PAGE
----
The school year will be ending this month for most kids and parents may be worried about the increase in free time and decrease in supervision their kids will start to have, especially when spending time online. Whether kids are staying up late and sleeping in, or are enrolled in camps, lessons or other organized activities throughout the summer, they will probably have some extra – and less regulated – time to spend online. Kids also might be more likely to share details of vacations or other summer plans that could seriously compromise online privacy. Parents need to set up guidelines and have some kind of dialogue in place to ensure that kids have a productive and healthy summer but are also able to benefit from the positive aspects of social networks and other online activities.
Below are some suggestions for a few guidelines and rules for how to have a safe and fun summer, both on- and offline:
- Establish an “unplugged” part of each day – set aside a certain time of the day to do something with your kids without a computer, TV, phone or any other kind of connected device. Whether it’s spending time at a park in the morning, going to a pool in the afternoon, or reading a book at night, stick to that timeframe every day and it may make your kids want to spend other parts of the day offline too!
- Keep the family computer in a common area – this will ensure that when your kids are spending time online, you can join in every so often to find fun ideas for activities to do together. Check out sites that recommend daily outings or different crafts and DIY projects for a busy and productive summer.
- Help set up bookmarks – kids are certainly online savvy these days, and can be very curious about what’s out there on the Internet. To ensure they focus on sites that they should be on – and to help them avoid wandering to any inappropriate online content – help your kids set up bookmarks for kid-friendly and age-appropriate sites that you’ve approved and that they are free to browse on their own.
- Know what their plans are – if your kids are old enough to spend time away from home with their friends, always know where they’ll be and when. Have guidelines for when they should get in touch with you, and make sure they let you know if any plans change for some reason.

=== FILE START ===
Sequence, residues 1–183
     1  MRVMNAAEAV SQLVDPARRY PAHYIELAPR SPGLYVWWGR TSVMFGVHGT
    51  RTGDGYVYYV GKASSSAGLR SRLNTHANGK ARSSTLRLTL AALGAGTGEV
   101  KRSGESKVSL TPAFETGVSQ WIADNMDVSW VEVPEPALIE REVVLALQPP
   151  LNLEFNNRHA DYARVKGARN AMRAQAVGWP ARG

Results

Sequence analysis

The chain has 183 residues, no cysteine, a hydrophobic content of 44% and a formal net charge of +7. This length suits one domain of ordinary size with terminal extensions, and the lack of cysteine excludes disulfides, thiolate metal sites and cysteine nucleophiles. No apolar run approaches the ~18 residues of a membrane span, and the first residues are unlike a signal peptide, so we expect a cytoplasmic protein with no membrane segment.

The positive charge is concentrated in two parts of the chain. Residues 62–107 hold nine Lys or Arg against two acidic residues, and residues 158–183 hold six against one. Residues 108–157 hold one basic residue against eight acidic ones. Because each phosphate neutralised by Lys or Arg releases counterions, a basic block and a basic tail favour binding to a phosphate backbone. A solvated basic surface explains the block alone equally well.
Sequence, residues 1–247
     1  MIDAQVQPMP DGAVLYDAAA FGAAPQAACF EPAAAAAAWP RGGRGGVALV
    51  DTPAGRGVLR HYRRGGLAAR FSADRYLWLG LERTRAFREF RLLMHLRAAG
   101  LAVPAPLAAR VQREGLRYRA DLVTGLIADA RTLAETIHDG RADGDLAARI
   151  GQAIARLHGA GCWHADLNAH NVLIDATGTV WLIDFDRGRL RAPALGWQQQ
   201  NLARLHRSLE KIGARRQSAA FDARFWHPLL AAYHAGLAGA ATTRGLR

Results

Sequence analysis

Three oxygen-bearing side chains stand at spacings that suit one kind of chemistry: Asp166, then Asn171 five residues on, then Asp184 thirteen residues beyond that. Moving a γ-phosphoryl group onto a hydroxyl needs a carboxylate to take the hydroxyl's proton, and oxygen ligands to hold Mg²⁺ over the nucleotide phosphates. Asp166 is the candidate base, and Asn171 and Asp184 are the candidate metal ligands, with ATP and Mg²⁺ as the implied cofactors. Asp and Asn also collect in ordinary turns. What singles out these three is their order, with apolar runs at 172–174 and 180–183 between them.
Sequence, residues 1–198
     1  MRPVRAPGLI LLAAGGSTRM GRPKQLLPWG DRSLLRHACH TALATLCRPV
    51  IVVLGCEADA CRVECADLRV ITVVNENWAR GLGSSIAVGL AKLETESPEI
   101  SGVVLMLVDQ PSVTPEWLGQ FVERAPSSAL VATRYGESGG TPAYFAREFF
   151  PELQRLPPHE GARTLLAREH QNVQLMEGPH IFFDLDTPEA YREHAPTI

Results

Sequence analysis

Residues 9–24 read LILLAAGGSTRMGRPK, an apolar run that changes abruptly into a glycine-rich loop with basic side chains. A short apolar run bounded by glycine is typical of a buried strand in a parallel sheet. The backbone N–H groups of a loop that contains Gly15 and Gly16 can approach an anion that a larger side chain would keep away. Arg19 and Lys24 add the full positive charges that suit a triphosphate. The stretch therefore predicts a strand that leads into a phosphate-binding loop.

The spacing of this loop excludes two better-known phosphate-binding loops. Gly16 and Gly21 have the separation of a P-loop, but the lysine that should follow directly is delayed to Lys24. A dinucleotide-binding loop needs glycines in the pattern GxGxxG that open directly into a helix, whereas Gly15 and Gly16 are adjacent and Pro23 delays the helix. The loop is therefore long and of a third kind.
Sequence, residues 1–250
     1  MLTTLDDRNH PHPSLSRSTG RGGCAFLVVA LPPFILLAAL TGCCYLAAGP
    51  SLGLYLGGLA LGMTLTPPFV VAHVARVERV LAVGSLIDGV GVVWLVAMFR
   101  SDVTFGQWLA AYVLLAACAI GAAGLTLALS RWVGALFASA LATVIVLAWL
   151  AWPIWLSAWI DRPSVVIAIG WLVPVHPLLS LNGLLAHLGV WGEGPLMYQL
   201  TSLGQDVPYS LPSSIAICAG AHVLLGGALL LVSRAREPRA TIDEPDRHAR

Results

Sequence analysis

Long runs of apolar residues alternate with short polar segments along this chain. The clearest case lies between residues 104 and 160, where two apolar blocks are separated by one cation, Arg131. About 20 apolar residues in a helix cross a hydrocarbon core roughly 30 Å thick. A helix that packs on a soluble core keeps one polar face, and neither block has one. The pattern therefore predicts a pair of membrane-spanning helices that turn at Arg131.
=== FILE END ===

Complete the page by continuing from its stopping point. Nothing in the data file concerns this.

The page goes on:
- Discourage “checking-in” – while apps like Facebook Places and Foursquare allow easy ways to check-in at certain locations, it can also result in some oversharing that could affect online reputation and privacy. If your kids have smartphones, encourage them to simply enjoy their time wherever they are, rather than getting on their phones immediately and informing people of their whereabouts.
- Keep vacation details private – more and more people are posting details of vacation plans online and burglars actually troll the Internet to find out when people will be away. Lead by example and keep any summer vacation plans offline – and hopefully your kids will too.
- Take a break on vacation – use vacation time for just that – vacation. If you’re not constantly checking your phone for emails or messages, your kids will be less likely to do so as well. Enjoy time spent away from home and your kids won’t feel like they’re missing out on anything online either.
- Cyberbullying doesn’t end with the school year – don’t assume that cyberbullying takes a summer vacation. If you’re worried about your kids’ online interactions – whether they act like a bully or are a victim of online harassment – keep an eye out even during the summer. When kids are less likely to see their peers because they’re no longer in school, there may be even more online bullying taking place.
Do you have any other suggestions for online safety during summer vacation?